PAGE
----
TGRCNM is paving the way for transgender advocacy in New Mexico. They began early on in 2009 by consulting the New Mexico Motor Vehicles Department on how to process transgender people that needed to get their gender marker changed from one gender to the other. They used a model similar to Massachusetts, which has a one page affidavit that they have fill out, it has a section that the trans person will check off ‘My gender identity is…(Male or Female)’. A certified professional such as a doctor or therapist has to cosign the document, after which the transgender person will have to take the forum to any MVD in New Mexico and their gender marker will be changed.
To get a name change in New Mexico a transgender person must fill out a form for the courts and pay a $150 processing fee which is waved for low income people. The process from start to finish takes between four to five weeks. According to Adrien, there are very few problems when it comes to a transgender person getting their name changed. However it is a different situation with the Tribal Authorities. In most cases they turn down transgender people claiming that changing a name is a matter of personal vanity and therefore does not qualify as a legal necessity. Adrien feels that this is simply an education issue for the different Tribes in which TGRCNM can help with.
TGRCNM’s onsite case managers help transgender people fill out forms and go through the process of getting their names changed and their gender marker changed on their driver license. The case managers also help trans people struggling with family issues, substance abuse issues, identity issues and self-esteem issues. “We see it all here for sure” Adrien says in a low sad tone.
There is a ‘law center’ at TGRCNM staffed by an attorney that recently finished law school. She advises people in criminal, family and identity matters. “The law center has been very successful in tracking instances of employment and housing discrimination affecting the local transgender community” says Adrien.
One of the many issues that TGRCNM is working hard to address is discrimination around student restroom access. The Albuquerque, NM corporate school system attempted to pass a policy that would require transgender students to use a gender natural bathroom, “if the school building had an acceptable gender neutral bathroom for everybody… that was fine, if they did not have a gender natural bathroom, the students would be forced to use a staff bathroom or the nurse’s bathroom.” Adrien explained.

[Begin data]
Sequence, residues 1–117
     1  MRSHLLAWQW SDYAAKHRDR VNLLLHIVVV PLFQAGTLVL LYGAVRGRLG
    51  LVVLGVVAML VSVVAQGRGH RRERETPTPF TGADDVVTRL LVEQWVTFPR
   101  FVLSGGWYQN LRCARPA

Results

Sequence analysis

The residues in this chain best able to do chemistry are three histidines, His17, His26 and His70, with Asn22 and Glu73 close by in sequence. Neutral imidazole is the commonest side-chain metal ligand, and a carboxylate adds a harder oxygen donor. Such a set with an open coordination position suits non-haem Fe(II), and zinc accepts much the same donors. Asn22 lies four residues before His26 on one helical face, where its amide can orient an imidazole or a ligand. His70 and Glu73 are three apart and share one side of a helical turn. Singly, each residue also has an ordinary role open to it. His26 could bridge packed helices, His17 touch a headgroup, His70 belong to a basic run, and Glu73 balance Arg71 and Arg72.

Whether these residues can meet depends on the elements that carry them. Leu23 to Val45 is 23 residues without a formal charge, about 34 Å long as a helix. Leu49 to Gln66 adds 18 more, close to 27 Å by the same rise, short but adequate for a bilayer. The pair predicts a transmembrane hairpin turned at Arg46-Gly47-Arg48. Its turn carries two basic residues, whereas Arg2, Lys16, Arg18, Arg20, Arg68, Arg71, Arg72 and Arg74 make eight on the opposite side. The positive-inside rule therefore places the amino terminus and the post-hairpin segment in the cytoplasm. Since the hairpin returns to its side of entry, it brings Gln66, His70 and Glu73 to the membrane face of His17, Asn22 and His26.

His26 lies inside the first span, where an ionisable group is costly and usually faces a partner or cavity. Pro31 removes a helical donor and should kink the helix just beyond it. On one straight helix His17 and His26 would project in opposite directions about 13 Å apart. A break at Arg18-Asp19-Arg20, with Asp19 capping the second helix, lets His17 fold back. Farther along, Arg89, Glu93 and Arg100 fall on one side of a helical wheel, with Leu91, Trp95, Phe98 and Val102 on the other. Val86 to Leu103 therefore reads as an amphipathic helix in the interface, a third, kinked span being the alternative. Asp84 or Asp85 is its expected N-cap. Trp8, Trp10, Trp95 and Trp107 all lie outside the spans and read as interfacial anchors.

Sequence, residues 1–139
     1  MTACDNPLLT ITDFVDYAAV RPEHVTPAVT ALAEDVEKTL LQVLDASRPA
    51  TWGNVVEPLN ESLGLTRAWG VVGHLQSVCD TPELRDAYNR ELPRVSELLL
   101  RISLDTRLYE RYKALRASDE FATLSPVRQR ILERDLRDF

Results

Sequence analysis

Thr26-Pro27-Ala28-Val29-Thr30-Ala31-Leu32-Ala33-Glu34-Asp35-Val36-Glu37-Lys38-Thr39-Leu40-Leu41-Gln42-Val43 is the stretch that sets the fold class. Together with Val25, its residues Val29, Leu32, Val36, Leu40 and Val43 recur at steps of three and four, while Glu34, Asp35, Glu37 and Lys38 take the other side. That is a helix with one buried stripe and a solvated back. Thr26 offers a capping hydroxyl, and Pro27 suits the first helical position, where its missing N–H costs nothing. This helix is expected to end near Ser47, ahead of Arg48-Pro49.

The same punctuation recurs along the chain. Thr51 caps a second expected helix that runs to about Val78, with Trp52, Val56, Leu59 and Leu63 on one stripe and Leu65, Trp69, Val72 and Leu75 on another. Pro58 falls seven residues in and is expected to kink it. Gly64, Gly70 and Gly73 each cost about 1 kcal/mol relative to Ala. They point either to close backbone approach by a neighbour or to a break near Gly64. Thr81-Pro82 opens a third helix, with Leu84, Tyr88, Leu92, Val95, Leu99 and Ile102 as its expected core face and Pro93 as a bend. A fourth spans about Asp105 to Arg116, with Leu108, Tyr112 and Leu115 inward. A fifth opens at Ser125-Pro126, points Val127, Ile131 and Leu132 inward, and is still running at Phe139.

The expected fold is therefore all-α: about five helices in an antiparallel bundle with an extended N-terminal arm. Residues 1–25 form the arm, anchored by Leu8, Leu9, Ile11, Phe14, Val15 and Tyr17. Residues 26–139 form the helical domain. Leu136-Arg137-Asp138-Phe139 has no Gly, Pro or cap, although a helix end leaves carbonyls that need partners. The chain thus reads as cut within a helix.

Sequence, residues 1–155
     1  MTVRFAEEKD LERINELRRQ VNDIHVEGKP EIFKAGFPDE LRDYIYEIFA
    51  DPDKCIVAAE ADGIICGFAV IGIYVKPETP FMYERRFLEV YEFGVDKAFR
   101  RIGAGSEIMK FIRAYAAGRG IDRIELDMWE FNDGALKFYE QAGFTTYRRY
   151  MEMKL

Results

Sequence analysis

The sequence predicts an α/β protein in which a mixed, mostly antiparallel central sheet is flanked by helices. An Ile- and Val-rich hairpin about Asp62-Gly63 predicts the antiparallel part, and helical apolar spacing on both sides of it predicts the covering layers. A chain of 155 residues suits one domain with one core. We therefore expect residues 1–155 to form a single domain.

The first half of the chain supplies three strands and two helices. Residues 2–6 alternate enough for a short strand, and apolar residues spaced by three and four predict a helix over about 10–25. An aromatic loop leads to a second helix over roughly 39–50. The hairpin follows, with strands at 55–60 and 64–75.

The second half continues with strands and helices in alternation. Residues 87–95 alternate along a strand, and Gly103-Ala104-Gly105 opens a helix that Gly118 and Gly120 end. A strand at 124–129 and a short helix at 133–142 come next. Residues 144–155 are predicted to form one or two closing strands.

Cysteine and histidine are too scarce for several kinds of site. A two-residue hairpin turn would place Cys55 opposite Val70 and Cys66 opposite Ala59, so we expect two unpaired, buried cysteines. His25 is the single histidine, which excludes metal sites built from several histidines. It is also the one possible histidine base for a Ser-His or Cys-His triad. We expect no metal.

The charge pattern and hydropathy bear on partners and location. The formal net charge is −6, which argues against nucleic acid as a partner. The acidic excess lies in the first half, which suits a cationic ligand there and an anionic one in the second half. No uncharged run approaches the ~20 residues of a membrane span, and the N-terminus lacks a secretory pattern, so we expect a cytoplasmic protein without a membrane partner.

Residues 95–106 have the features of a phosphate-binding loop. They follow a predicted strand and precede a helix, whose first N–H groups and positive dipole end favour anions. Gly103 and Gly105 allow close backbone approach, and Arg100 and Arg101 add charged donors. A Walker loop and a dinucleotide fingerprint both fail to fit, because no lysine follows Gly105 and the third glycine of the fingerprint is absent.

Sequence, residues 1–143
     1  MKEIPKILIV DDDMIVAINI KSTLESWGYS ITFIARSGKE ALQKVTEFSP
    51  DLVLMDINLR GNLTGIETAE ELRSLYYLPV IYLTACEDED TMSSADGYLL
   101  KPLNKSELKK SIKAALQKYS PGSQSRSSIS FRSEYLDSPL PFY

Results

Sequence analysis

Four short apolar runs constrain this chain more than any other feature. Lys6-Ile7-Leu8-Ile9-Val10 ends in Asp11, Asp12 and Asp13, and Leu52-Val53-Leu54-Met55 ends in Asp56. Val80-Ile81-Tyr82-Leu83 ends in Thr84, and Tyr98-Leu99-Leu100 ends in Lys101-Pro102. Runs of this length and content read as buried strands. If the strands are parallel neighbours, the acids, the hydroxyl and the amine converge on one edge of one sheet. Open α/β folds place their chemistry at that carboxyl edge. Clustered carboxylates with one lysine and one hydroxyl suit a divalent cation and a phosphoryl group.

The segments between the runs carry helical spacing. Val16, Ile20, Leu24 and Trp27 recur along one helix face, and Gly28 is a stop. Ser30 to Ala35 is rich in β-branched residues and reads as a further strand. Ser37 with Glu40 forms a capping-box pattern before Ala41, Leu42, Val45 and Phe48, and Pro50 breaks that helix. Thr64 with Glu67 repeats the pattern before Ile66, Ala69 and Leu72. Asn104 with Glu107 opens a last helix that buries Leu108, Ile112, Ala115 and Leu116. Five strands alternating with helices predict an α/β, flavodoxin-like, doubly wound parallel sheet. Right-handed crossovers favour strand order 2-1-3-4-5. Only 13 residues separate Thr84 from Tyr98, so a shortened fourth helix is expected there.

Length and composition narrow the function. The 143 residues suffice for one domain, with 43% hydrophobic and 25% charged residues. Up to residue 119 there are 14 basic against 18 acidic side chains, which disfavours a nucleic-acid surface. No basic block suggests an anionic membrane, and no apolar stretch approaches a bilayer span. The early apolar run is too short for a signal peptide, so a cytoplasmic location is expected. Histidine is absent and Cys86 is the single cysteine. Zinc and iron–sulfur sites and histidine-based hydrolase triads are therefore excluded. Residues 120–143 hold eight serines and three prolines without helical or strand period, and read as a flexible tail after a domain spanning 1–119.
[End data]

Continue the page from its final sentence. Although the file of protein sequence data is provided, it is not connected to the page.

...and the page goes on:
TGRCNM was successful in blocking the school systems proposed bathroom policy on the grounds that “it singles out our kinds by being mandated to use the nurses bathroom or staff bathroom” Adrien explained and continued, “They are singled out to the other kids as having something different about them that makes them have to go and use a separate bathroom.” Adrien gave an example of the history of the civil rights movement and how this proposed policy falls in line with the repeated segregation, saying “It also goes back to the civil rights struggles over the last 70 years, that have been predicated on the idea that by having a separate facility, is by definition not equal. To say we provide you with this separate bathroom (and) that is fine, is not true.” According to Adrien, many transgender kids are already using the correct bathroom that corresponds to their gender identity.
Adrien’s struggles from feeling alone and unable to find adequate services ten years ago has fueled his nonstop energy to greatly improve conditions for the transgender people of New Mexico. He has been awarded several awards including the Jose Sarria Into the Light Award for Community Service and the Vincent R. Johnson Models of hope Award for LGBTQ Role Models. Adrien is a role model that every trans advocate, activist and ally from all over the world can learn something from.